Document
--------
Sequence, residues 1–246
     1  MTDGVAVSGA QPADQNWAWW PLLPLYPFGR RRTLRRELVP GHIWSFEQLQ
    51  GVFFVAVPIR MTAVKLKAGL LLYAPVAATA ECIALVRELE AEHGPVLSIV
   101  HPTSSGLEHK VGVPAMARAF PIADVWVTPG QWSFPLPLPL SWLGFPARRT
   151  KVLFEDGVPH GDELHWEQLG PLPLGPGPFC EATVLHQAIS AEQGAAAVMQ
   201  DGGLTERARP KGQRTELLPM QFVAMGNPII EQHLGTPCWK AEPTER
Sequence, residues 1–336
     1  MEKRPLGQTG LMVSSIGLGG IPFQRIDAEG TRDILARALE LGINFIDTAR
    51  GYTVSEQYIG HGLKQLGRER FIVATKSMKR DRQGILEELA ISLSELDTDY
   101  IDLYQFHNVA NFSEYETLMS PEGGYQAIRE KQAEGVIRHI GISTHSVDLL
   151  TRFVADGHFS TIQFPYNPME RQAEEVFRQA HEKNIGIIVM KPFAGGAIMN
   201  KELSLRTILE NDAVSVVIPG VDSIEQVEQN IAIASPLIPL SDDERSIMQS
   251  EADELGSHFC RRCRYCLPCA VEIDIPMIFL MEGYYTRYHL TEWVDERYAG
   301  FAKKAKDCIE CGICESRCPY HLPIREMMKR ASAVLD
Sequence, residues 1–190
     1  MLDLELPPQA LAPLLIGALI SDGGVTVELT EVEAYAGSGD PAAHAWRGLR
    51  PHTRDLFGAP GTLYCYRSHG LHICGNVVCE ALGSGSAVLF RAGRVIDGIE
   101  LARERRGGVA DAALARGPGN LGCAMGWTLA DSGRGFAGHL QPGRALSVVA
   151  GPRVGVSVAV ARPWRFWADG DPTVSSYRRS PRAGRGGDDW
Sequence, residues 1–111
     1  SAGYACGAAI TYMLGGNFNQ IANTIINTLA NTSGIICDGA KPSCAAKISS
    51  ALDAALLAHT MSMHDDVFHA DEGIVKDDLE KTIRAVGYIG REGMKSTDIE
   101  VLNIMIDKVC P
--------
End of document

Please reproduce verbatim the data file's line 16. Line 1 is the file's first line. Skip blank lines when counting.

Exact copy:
     1  MLDLELPPQA LAPLLIGALI SDGGVTVELT EVEAYAGSGD PAAHAWRGLR